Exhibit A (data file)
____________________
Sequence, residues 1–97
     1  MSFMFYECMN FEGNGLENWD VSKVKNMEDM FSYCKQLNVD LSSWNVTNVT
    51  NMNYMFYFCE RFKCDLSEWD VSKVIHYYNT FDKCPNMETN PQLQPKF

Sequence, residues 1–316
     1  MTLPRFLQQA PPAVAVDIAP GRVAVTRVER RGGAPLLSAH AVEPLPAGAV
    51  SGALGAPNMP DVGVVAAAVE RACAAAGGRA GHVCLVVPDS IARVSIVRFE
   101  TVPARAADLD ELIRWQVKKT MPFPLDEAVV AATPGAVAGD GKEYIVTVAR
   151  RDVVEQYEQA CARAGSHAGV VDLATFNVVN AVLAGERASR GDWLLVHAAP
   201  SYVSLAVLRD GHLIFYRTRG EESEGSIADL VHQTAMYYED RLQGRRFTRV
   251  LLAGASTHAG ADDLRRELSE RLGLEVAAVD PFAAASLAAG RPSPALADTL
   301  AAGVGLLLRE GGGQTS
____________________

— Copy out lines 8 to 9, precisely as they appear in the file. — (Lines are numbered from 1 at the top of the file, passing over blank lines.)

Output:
   151  RDVVEQYEQA CARAGSHAGV VDLATFNVVN AVLAGERASR GDWLLVHAAP
   201  SYVSLAVLRD GHLIFYRTRG EESEGSIADL VHQTAMYYED RLQGRRFTRV